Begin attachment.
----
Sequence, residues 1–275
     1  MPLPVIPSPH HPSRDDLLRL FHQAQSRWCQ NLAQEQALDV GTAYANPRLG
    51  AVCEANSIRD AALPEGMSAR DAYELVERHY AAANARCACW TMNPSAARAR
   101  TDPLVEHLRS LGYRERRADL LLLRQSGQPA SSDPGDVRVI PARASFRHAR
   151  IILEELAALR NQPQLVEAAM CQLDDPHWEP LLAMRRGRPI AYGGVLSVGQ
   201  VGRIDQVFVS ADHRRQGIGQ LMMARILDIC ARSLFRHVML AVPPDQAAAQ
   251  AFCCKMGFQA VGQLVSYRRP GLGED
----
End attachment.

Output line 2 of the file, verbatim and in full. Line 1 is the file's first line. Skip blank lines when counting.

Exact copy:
     1  MPLPVIPSPH HPSRDDLLRL FHQAQSRWCQ NLAQEQALDV GTAYANPRLG